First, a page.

The job’s a good’un for those who can get it

Red Bull float, Pic; Calum Hall

Discount booze and value-brand beans are common sights in student abodes, and in the aftermath of the festive season budgets are tighter than ever. But it doesn’t have to be that way, as Rachael Healy finds out.

Standard part-time jobs do not suit many student schedules, but cast your net a little wider and there is a whole world of quirky employment waiting.

A new car is usually the preserve of prestigious graduate schemes. Yet Calum, 20, a politics student at Goldsmiths, has picked up an enviable position with energy drinks giant Red Bull, and a promotional vehicle in which to cruise the streets of New Cross comes with the job.

He visits student-dominated areas, distributing cartons to thirsty residents. The next day he returns and fills the cartons up with more Red Bull.

Although he works 48 hours a month, there are no strict shift times: “It’s incredibly flexible around uni commitments, which is very useful.”

It is well paid too. Most promotional work is based on commission, but Calum is guaranteed £7 an hour – and an abundance of energy drink.

The role is exclusively reserved for students and requires him to attend the NME awards, the World Championship B-boy finals, as well as skateboarding and BMX-ing events. Calum told me: “If it’s exciting and cool as hell, Red Bull is involved.” It’s a tough job…

Tobi, 21, is a Goldsmiths English student and, although he doesn’t get a car, VIP nights out and hanging out with artists like Wu-Tang and Big Sean are standard in his job.

Tobi works at MTV.

He explains how he rose through the ranks. “Initially I was brought in to write my monthly column ‘The UK Rap Up with Tobz’ and gradually I’ve been asked to do a range of stuff.

“The best part would be the perks you get – free VIP entry to loads of gigs and nights in London which would otherwise be really expensive.”

Like Calum’s job, Tobi finds fits his role with MTV easily around his studies: “The hours are pretty flexible – overall it’s quite unstructured, which can be fun and at times confusing.”

However, he also warns that work can become overwhelming as deadlines pile up and the speed of turnover necessarily increases. And, working for a successful global brand, Tobi always feels pressure to produce high quality work: “There is a clear correlation between producing a good standard of work and getting asked to work more frequently on future projects and pieces, so that’s very important to me.”

Thriving nightlife is central to the student experience and Sinead, 21, like Tobi, has found in her part-time work that it pays to party.

“My dad used to DJ and music has always been a massive part of my life, so he showed me the basics and after DJing Islington Academy for my 18th I just sort of carried on.”

As a naturally nocturnal person, Sinead found DJing suited her existing lifestyle and even allowed her to enjoy nights out more than usual: “The best bit about DJing is being able to play what you want to hear on a night out and seeing other people dance to the songs that you love.”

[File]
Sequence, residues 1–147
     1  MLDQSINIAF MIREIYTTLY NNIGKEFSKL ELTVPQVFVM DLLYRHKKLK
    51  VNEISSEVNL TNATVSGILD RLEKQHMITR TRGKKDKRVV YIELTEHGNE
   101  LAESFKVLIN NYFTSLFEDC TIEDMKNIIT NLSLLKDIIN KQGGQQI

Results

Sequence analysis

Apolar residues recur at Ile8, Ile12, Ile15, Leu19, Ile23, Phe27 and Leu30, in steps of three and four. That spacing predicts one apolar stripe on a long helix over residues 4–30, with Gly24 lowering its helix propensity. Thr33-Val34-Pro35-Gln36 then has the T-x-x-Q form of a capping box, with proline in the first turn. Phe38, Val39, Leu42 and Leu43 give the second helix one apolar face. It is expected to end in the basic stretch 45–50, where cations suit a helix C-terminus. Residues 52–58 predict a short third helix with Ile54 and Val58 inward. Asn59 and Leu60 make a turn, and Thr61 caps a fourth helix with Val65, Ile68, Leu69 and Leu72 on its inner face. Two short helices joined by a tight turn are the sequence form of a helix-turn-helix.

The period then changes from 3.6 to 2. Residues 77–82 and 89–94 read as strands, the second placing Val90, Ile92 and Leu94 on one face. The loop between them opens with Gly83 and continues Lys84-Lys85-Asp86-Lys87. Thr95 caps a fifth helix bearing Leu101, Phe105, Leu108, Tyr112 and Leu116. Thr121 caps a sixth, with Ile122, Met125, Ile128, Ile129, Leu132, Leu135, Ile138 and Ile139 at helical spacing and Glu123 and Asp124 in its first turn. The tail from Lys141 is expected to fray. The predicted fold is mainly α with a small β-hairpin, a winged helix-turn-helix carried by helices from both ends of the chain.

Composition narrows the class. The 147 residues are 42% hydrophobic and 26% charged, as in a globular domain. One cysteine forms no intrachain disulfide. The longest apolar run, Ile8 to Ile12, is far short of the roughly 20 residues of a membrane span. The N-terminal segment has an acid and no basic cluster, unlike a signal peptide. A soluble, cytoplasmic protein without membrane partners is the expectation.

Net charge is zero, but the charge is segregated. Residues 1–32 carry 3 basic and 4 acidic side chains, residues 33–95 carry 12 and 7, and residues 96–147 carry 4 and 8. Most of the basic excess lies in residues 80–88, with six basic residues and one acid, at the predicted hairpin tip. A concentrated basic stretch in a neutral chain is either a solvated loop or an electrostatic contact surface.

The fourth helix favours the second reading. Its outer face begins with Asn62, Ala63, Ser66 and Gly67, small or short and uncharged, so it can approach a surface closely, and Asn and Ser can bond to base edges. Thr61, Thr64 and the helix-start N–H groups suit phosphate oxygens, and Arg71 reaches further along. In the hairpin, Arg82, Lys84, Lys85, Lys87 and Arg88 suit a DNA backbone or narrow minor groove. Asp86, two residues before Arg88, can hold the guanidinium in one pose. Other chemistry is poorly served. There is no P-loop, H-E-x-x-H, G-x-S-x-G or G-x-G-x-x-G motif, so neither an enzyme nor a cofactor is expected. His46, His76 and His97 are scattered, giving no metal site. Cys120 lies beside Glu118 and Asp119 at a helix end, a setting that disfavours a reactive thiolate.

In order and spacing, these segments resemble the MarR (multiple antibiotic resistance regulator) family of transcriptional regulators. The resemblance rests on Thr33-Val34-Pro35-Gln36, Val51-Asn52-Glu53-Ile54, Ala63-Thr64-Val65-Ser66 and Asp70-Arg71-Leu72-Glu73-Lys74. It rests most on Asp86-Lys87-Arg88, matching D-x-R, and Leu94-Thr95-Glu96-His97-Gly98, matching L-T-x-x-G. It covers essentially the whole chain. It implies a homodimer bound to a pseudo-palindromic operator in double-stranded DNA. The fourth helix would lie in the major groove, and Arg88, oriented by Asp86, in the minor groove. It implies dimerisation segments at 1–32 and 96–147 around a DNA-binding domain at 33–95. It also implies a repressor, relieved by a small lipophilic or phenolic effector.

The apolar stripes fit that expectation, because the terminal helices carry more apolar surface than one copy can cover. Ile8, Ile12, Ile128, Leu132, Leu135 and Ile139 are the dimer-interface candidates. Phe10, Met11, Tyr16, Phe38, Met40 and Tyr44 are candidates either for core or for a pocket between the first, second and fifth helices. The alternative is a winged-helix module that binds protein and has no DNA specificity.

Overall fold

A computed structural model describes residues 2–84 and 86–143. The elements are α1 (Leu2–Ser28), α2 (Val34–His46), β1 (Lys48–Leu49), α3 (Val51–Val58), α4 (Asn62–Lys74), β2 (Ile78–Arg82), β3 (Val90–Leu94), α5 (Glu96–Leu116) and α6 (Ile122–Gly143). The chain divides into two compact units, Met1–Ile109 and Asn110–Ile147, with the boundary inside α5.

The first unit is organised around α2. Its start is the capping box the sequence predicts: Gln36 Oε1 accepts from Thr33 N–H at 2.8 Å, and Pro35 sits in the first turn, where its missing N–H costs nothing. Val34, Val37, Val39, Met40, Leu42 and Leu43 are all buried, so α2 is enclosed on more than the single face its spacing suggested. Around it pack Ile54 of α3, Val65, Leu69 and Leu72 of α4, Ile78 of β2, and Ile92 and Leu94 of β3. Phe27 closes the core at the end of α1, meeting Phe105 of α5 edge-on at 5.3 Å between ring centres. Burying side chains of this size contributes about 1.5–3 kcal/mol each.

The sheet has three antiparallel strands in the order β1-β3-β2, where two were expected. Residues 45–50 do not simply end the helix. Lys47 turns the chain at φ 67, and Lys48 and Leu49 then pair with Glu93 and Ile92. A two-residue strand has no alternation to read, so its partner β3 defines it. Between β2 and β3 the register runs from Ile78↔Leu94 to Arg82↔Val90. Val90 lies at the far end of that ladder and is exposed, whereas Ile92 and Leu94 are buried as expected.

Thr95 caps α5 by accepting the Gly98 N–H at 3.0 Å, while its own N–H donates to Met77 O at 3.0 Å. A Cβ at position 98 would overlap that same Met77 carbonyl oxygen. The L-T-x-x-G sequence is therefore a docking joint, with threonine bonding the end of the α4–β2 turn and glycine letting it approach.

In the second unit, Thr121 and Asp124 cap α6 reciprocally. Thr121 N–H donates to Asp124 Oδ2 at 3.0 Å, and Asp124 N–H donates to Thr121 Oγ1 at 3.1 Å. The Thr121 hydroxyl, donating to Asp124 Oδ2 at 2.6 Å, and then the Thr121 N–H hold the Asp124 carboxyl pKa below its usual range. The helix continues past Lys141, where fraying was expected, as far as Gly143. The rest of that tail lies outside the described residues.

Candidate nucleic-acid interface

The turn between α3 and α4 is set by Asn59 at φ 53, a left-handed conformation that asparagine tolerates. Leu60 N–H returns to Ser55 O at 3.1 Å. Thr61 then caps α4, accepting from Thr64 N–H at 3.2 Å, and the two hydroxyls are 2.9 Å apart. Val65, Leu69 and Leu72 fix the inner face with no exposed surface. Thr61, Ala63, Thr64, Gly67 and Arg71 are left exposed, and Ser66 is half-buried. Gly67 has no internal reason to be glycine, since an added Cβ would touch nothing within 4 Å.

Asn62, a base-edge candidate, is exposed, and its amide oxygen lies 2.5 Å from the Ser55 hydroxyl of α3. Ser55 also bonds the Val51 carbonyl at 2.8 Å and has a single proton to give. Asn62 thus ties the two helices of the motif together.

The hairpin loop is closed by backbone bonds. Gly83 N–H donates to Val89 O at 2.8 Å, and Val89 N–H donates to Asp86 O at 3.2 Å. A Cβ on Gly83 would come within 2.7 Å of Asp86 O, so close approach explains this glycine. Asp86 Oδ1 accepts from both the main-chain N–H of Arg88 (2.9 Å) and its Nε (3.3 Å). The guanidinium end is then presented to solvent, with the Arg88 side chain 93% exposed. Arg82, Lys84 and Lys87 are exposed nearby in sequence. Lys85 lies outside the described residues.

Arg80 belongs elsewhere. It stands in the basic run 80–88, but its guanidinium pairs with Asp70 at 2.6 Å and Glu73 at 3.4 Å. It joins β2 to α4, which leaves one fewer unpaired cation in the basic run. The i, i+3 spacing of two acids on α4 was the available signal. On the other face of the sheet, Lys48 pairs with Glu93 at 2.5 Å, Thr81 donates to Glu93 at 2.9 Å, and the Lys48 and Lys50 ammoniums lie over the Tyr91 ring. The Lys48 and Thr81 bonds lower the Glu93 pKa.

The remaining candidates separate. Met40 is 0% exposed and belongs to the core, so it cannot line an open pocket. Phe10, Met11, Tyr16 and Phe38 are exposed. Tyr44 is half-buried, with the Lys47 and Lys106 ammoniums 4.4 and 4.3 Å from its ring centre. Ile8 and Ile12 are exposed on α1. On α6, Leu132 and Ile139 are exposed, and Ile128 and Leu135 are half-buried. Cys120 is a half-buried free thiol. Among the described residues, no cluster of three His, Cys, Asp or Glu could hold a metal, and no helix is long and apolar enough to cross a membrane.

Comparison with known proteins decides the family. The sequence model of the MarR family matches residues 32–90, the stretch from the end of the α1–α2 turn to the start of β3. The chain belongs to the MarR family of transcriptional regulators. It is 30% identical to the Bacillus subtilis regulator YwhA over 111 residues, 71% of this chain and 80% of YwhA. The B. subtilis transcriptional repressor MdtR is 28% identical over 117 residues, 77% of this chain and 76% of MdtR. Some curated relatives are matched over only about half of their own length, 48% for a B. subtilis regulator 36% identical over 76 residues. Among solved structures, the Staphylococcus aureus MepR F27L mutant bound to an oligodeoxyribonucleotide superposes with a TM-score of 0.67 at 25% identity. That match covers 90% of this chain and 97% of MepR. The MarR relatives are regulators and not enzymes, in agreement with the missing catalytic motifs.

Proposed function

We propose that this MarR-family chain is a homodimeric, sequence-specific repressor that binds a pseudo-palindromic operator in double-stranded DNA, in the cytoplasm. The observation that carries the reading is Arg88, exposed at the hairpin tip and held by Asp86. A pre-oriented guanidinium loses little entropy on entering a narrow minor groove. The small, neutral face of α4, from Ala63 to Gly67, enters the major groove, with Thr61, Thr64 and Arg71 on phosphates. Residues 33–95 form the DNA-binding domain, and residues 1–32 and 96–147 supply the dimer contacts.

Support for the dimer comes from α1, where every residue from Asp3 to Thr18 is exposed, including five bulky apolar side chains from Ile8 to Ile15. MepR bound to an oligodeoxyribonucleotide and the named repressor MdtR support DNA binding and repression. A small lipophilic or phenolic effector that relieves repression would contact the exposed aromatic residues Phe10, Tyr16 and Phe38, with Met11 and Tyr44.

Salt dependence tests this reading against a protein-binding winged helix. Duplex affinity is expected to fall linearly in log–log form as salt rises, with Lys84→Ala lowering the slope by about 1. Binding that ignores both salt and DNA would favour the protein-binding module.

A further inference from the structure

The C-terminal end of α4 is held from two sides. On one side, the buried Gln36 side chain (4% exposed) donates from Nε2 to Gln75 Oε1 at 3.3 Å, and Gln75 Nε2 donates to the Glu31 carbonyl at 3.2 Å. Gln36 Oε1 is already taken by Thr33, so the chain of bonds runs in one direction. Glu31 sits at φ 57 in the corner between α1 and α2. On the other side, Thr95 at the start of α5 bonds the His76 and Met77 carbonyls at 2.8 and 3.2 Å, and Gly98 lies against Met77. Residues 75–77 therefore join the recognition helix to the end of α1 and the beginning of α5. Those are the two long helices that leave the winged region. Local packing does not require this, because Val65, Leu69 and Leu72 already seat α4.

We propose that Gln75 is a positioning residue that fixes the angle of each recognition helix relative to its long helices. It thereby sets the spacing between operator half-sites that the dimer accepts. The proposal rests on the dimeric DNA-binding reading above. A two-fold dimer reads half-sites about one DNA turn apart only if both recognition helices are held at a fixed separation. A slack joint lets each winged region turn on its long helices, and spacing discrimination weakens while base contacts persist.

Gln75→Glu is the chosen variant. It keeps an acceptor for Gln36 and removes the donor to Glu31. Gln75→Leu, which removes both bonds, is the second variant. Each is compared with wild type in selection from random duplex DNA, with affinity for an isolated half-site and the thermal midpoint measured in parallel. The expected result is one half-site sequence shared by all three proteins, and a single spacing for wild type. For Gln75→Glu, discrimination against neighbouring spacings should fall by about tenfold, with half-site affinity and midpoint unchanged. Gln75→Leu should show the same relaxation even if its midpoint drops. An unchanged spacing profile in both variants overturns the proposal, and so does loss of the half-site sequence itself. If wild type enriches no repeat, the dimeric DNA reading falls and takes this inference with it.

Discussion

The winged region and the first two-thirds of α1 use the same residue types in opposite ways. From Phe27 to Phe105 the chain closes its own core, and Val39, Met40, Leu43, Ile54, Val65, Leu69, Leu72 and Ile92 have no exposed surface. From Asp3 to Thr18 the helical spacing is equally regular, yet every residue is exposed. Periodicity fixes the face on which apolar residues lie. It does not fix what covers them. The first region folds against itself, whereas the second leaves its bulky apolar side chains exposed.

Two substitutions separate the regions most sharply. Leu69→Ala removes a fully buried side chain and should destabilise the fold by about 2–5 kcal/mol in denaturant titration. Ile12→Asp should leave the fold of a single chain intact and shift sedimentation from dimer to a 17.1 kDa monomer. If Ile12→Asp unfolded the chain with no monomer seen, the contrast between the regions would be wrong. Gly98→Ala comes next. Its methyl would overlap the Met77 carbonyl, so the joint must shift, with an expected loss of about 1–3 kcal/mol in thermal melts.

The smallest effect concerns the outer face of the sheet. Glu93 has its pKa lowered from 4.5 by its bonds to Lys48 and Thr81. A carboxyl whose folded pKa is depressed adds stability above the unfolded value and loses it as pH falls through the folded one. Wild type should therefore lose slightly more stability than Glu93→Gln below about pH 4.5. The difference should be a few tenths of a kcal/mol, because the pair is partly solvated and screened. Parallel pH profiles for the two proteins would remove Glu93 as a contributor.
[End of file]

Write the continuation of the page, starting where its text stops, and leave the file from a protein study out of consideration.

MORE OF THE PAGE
Unfortunately Sinead has noticed more and more young people getting into part-time DJing over the last three years, saturating the market and cutting down on potential work for experienced DJs such as herself. But she still enjoys her work – and it has even taken around the world, from Belfast to Berlin.

So if you have a massive music collection and an ear for what gets a crowd going, then DJing could be the perfect job.

Now for the bad news. Calum is one of only 38 students employed by Red Bull around the UK, and MTV aren’t offering roles in abundance. But do not despair; there are numerous equally unusual jobs out there although some are pretty dodgy…

Job Description: Medical test subject.

Employer: (based in Croydon and Tooting) and (based in Hammersmith).

Salary: Varies wildly, but could be over £2,000 for a residential trial of 1-2 weeks.

Hours: Many trials involve overnight stays, ranging from 1 night to 13 nights, but usually spread out over a couple of months.

Pros: Nice, big chunks of money, for very little effort; one trial could earn you the equivalent of a year’s worth of minimum wage Saturday shifts. If you are asthmatic or obese there are high-paid trials in abundance.

Cons: It could be a long wait before a relevant trial comes up, and be thorough when checking the details; you wouldn’t want a swollen face or a cluster of nasty buboes…

Job Description: Completing online surveys.

Employer:;;; and many, many more.

Salary: This depends entirely on how many surveys you complete. Companies offer between 10p and £5 per survey, although sadly the latter is rare.

Hours: Whenever you like.

Pros: Easy to fit in; minimal skill and effort required.

Cons: Can be extremely tedious, and many sites require you to earn a certain sum before you may withdraw it. Also, beware of sites that enter you into prize draws rather than giving cash for each completed survey.

Job Description: Text chat operator.

Employer:;; amongst others.

Salary: Some positions pay per hour, usually around £7. However most pay per text message, between 5p and 10p.

Hours: Some allow employees to choose their hours; others specify a number of hours per week, on certain days.

Pros: It is possible to work around university classes and deadlines, the only required skill is the ability to type.

Cons: The work varies dramatically in character. Some texters will be responding to queries from ‘Anything Answered’ services, or giving tarot readings, but many of the jobs are a lot seedier. You may be asked to take on the persona of a ‘sexy single’ and chat and send somewhat risqué pictures to interested members of the public. That we do not recommend.



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